AAAI Publications, Fourth AAAI Conference on Human Computation and Crowdsourcing

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Leveraging the Contributions of the Casual Majority to Identify Appealing Web Content
Tad Hogg, Kristina Lerman

Last modified: 2016-09-21


Users of peer production web sites differ greatly in their activity levels.A small minority are engaged contributors, while the vast majority are only casual surfers. The casual users devote little effort to evaluating the site's content and many of them visit the site only once. This churn poses a challenge for sites attempting to gauge user interest in their content. The challenge is especially severe for sites focusing on content with subjective quality, including movies, music, restaurants and items in other cultural markets. A key question is whether content evaluation should use opinions of all users or only the minority who devote significant effort to reviewing content? Using Amazon Mechanical Turk, we experimentally address this question by comparing outcomes for these two approaches. We find that the larger numbers of less informed users more than offset their noisy signals on content quality to provide rapid evaluation. However, such users are systematically biased, and the speed of their assessments comes at the expense of limited collective accuracy.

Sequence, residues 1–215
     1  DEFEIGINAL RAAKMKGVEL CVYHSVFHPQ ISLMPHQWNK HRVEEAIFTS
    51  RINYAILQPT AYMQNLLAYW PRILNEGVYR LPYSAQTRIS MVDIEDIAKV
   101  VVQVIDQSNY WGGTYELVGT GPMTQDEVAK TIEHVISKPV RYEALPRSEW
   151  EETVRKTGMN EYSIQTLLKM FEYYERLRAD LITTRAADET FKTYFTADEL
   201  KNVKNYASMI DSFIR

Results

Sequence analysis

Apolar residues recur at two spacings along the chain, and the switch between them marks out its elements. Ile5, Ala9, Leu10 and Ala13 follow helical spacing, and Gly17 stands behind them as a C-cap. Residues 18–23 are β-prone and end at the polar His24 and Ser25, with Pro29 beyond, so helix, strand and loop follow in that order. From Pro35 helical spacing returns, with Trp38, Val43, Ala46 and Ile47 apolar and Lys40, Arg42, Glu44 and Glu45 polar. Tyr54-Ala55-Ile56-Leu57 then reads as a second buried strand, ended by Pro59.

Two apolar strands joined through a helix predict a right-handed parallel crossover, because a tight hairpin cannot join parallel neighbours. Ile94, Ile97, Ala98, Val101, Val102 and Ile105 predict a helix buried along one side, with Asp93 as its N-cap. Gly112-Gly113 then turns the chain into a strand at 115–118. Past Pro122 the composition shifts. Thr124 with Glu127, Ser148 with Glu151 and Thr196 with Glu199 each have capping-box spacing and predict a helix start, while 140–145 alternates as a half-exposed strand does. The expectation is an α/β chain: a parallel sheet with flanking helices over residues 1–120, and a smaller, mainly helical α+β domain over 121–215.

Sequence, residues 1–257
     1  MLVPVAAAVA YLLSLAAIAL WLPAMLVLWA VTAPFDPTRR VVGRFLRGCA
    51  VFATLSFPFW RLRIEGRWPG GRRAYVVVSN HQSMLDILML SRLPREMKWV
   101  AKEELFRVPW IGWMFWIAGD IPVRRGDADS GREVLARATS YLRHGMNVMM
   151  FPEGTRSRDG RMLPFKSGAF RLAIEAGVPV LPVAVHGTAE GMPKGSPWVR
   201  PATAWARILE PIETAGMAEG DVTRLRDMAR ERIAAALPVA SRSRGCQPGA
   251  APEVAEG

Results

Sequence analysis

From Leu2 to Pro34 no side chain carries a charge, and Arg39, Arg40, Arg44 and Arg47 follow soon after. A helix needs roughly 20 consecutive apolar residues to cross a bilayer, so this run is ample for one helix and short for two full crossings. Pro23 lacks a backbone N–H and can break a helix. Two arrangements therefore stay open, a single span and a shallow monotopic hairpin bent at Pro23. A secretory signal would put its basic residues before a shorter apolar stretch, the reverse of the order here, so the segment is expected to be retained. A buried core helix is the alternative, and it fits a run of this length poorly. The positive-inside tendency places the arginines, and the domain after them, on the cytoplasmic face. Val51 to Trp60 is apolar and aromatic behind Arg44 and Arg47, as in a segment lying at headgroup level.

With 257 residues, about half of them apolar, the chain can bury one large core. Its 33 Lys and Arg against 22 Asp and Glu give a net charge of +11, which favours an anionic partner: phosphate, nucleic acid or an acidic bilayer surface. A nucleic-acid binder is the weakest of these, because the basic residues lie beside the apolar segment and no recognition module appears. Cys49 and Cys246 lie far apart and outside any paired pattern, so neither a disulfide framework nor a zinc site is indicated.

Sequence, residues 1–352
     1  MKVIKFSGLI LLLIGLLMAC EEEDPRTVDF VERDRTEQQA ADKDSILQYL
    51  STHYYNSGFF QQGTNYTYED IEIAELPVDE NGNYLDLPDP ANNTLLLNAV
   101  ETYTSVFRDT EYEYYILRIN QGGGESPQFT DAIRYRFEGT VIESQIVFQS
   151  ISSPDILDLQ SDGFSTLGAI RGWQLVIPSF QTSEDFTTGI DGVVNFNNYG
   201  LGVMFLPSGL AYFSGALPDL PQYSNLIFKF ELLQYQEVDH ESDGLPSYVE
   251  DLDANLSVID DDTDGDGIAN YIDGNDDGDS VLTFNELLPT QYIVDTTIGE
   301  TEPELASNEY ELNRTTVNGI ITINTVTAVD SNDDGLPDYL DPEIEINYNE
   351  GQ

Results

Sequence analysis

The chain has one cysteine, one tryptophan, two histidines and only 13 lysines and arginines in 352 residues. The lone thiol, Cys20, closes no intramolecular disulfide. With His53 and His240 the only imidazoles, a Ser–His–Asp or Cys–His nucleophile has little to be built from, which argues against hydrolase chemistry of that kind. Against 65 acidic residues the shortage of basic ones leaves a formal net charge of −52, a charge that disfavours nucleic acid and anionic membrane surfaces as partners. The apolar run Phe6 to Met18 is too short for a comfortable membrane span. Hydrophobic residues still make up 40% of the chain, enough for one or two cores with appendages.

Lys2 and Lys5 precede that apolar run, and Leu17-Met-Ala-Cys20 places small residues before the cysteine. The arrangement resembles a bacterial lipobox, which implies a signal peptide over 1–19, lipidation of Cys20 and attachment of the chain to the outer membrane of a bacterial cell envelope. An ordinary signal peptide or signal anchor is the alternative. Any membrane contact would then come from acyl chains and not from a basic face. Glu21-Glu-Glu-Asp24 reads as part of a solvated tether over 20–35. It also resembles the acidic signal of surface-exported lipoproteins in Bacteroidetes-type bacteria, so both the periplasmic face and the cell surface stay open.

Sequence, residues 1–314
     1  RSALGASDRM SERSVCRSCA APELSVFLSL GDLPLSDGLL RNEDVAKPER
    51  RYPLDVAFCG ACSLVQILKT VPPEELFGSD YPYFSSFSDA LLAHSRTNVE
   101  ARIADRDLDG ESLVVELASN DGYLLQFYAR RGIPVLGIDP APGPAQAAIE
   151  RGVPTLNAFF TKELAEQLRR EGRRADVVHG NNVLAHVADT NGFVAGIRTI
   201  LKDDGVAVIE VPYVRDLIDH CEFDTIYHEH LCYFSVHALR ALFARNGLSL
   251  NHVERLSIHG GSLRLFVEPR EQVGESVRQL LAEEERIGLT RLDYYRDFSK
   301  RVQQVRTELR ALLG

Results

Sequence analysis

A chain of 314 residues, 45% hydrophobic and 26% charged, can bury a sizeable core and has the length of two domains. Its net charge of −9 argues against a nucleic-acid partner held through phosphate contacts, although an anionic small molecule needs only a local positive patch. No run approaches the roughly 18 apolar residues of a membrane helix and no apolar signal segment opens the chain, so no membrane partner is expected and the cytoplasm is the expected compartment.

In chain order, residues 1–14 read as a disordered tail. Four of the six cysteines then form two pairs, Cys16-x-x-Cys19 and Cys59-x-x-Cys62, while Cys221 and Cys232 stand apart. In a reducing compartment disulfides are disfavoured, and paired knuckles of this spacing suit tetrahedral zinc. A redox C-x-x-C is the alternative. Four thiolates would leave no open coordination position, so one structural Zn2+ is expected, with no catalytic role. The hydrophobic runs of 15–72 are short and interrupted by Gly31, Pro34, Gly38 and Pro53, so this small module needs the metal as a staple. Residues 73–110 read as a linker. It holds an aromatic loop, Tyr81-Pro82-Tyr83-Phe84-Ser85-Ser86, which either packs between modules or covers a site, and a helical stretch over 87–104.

peer recommendation; peer production; Amazon Mechanical Turk

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